Bob was responsible for several innovations while serving on the Board.  The Annual Report that you now receive every year was his idea.  He caused the establishment of a Family and Community Committee.  The creation of a club umpire program.  The use of an independent accounting firm to insure fair election balloting.  He caused the adoption of a budget-revision procedure to allow governors to revise the proposed budget prior to approval.  Bob looked at the PDI program, a pittance in a budget of millions, simply candy used to keep clubs toeing the line, as apposed to important development and programmatic support.  He determined that much work remained to be done.  Immediately after running as an independent for the USPA Board in the 2015 GAL election, he was effectively banned for life from membership in the USPA, beginning January 1, 2016.  Some deal, huh?

 

Dr. Diego Florez.  Diego is a self-made, hard-working professional, in common with many of you.  An immigrant from Colombia many years ago who became a proud citizen of the United States, he received a vet license and has worked here for some 20 years, playing polo for much of that time.  Diego joined the USPA in 2010, has served on USPA committees, and has run for Circuit Governor in the Boarder Circuit, losing by one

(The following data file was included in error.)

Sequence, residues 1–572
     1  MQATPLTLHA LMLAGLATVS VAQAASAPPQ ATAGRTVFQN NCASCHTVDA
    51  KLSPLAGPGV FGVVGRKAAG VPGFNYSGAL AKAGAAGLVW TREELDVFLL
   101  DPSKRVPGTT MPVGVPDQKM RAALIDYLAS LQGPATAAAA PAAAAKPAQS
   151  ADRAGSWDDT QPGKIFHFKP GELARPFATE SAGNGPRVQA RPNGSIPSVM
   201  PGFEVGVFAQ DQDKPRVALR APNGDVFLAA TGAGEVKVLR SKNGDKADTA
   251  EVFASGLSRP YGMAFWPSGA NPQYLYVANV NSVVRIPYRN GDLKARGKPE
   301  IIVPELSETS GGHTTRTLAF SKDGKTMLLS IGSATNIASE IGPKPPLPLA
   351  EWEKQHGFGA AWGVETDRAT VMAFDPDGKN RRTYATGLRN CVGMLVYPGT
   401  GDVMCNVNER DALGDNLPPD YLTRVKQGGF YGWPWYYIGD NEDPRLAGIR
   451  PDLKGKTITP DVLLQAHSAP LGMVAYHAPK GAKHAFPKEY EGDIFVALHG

vote in 2014.  He is the founder, delegate, and manager of the Arizona Polo Club (“APC”) and grew APC at one time (recently) to some 50 members.  Indeed, Diego played a pivotal role in polo redevelopment in the Phoenix Metropolitan area.  As described with some particularity in the lawsuit complaint, Diego’s main problem in the USPA was the Circuit Governor Dan Coleman’s attempt, over many years, to destroy him and the APC.   “Destroy” sounds like hyperbole, like jihad or something.  You have to read the complaint.  Then you have to imagine the boxes of documents and evidence backing up the complaint.  It’s a story a little hard to believe – not that it happened, of that there can be little doubt, but that the USPA allowed it to happen.  We’ll give you a taste below.  The taste will disgust you; you won’t want more.  A trial of this matter will expose ethnic discrimination in its rawest forms.  Just what the USPA wants and needs, right?  Diego came very close to winning the 2015 GAL election.  Too close for some members on the Board.  After a prominent Board member warned the governors that the independents were sure to win next time around, Diego was tossed as well in September 2015.